Make a reservation and enjoy a grown-up night out at Almanac.

For example, Zamarra juices his squash at the beginning of its harvest and roasts it at the end, because the squash’s moisture changes throughout the season. Nose-to-tail here doesn’t just refer to eliminating waste and using the whole animal, but also to the fish and vegetables he sources: No part gets left behind.

Experience his hyper-seasonal vision with a three-course menu for $75, five-courses for $95, or eight for $145.

Our recent visit had us raving over roasted Island Creek Oysters mingling with ribbons of buttery leeks and pears and parsnips. Zamarra is having a particular love affair right now with the wintry taste of pine. Find wild steelhead trout smoked with pine and juniper and a dish of celery root carpaccio draped with shaved matsutake mushrooms, pine aioli and a smoked pine vinegar.

Have you made your reservation yet?

28 Seventh Ave.

Easy love Healthy eaters will find bountiful choices at Vic's


If you are still feeling all weepy about the closure of Five Points, you can stop the sniffling now.

Husband-and-wife team Marc Meyer and Vicki Freeman (of the wonderful Hundred Acres and Cookshop), have rebooted and revamped the NoHo space beautifully into a chipper Italian-Mediterranean spot, Vic’s.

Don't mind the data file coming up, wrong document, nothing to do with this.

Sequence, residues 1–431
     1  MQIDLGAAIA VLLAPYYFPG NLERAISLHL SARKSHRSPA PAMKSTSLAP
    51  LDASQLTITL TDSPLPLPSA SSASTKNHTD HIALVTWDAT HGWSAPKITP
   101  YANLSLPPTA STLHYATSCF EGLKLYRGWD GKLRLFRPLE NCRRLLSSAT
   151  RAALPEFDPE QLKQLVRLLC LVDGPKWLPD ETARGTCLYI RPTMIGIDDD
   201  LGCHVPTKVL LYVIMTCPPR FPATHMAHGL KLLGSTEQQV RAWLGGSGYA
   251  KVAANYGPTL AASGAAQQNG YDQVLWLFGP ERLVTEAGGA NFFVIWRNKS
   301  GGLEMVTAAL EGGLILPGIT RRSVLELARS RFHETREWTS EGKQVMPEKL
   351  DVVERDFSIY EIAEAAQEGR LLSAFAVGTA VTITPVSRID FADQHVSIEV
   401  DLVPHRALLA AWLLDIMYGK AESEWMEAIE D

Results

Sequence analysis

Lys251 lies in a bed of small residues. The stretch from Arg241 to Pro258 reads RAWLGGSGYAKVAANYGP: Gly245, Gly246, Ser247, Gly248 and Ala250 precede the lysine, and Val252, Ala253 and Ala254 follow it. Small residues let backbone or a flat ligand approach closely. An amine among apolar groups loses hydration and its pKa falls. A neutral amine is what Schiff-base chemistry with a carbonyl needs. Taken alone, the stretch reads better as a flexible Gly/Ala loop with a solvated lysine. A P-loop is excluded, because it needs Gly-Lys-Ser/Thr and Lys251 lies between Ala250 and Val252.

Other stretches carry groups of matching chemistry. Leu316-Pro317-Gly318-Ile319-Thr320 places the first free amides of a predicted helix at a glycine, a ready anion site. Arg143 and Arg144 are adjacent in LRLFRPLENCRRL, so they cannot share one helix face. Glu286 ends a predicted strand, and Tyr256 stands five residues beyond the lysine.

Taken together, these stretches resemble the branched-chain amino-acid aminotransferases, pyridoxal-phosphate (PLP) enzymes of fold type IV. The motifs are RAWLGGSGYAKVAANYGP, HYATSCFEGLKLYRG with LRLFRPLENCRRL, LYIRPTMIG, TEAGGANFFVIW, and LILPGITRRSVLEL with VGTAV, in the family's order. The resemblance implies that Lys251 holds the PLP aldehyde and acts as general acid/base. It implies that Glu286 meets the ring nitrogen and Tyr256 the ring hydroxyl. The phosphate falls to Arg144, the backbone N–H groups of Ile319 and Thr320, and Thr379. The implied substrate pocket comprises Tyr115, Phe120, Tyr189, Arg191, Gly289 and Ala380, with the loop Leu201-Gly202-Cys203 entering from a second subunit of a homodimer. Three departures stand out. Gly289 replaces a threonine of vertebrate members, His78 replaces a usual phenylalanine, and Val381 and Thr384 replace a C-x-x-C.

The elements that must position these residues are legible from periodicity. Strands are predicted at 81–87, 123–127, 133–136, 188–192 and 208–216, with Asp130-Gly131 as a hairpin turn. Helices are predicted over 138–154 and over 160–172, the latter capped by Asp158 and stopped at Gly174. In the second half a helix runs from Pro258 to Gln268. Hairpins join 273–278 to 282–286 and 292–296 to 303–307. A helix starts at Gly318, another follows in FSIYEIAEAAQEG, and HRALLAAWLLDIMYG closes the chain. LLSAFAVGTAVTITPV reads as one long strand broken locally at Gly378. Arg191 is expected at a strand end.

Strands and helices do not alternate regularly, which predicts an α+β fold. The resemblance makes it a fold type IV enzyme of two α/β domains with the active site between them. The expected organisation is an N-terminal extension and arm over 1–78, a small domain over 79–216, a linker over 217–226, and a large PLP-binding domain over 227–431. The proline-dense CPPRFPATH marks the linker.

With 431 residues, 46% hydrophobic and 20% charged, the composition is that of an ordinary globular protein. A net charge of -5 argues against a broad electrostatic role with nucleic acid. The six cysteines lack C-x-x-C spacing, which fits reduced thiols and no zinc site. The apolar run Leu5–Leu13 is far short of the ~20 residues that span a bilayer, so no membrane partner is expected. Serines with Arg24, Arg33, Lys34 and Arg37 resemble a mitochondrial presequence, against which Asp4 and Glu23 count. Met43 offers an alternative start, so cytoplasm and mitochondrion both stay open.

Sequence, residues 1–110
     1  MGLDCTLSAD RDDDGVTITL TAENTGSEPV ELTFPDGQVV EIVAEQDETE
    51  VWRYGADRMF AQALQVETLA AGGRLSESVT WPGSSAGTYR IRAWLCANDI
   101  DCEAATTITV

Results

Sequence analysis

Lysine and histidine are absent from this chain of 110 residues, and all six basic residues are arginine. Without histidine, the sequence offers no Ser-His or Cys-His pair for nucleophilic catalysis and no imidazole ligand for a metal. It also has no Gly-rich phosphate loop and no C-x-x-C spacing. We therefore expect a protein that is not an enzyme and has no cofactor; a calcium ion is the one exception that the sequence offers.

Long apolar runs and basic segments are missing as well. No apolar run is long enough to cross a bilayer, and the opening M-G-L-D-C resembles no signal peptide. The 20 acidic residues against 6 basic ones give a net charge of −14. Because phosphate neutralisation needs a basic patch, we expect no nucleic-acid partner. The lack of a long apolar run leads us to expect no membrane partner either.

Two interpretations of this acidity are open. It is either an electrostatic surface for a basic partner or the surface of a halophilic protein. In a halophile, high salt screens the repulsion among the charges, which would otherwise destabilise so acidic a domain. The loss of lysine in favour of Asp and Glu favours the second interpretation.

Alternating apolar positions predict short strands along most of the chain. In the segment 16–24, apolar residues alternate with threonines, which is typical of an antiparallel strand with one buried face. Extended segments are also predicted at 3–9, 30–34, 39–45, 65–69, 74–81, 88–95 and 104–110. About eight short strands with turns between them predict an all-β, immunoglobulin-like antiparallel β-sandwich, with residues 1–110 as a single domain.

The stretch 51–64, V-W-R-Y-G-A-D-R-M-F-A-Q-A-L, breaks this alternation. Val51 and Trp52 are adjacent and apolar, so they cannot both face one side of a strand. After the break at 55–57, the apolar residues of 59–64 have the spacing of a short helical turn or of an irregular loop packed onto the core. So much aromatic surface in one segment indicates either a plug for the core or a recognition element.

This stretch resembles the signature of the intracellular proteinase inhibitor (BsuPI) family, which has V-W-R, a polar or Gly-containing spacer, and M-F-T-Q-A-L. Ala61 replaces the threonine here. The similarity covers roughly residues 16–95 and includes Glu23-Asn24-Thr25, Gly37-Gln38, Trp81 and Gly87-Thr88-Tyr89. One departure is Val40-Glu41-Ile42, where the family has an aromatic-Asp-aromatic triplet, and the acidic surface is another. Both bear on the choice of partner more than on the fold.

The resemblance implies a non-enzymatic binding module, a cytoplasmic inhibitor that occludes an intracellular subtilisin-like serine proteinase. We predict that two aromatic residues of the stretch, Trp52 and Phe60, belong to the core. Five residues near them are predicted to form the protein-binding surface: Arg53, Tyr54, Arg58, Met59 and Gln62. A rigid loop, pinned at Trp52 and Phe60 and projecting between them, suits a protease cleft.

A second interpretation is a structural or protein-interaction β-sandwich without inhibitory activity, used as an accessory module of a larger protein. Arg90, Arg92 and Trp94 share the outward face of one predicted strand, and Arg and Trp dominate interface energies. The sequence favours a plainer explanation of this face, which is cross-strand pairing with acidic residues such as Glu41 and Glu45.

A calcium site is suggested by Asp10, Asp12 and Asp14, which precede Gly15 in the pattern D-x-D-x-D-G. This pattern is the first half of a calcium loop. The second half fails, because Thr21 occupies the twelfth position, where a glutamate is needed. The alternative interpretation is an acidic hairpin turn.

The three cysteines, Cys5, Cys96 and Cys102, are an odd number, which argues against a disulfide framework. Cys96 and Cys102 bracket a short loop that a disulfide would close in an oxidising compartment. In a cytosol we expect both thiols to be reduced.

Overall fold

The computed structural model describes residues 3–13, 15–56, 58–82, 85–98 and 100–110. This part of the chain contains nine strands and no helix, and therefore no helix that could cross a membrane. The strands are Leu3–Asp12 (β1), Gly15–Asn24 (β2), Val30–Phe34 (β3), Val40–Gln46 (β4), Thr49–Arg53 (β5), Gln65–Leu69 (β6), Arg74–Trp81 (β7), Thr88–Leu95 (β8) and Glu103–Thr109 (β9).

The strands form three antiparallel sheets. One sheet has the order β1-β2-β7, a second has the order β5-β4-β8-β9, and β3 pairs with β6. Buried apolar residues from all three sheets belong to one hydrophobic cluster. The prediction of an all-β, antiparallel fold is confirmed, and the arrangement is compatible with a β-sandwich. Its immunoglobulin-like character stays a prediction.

With its copper bar, massive skylight and exposed original brick walls—(fun factoid: the location was once the Astor family’s stables)—the airy, fresh atmosphere is easy to settle into.

Vic’s: casual, affordable with food that will have you coming back again … and again.

We are crushing on Vic’s hard because it’s already showing itself to be one of those crucial keep-it-in-your-back pocket NYC restaurants. Vic’s is the kind of place that makes us smack our heads and go “why can’t more restaurants be like this?”, where it’s possible to go nuts ordering one night (pork shoulder with pink peppercorns; $26) and then keep things more healthful the next (poached cod with kale, meyer lemon, leeks and almonds; $26).

We’d happily eat a meal composed of chef Hillary Sterling’s rollicking seasonal vegetables (no boring sides here). Roasted squash is jazzed up with brown butter vinaigrette and balsamic almond bread crumbs ($8), while heirloom carrots are radiant when dashed with dill, capers and roasted shallots ($6). Vegetables even wend their way into dessert: Look for parsnips in the honey cake ($9).

It’s the little touches here that will happily threaten to turns us all into regulars, including kicky goat butter, the availability of reasonably-sized half portions of every pasta dish and simple belly warmers like a fennel-tomato broth minestrone with kale and parsnips ($9).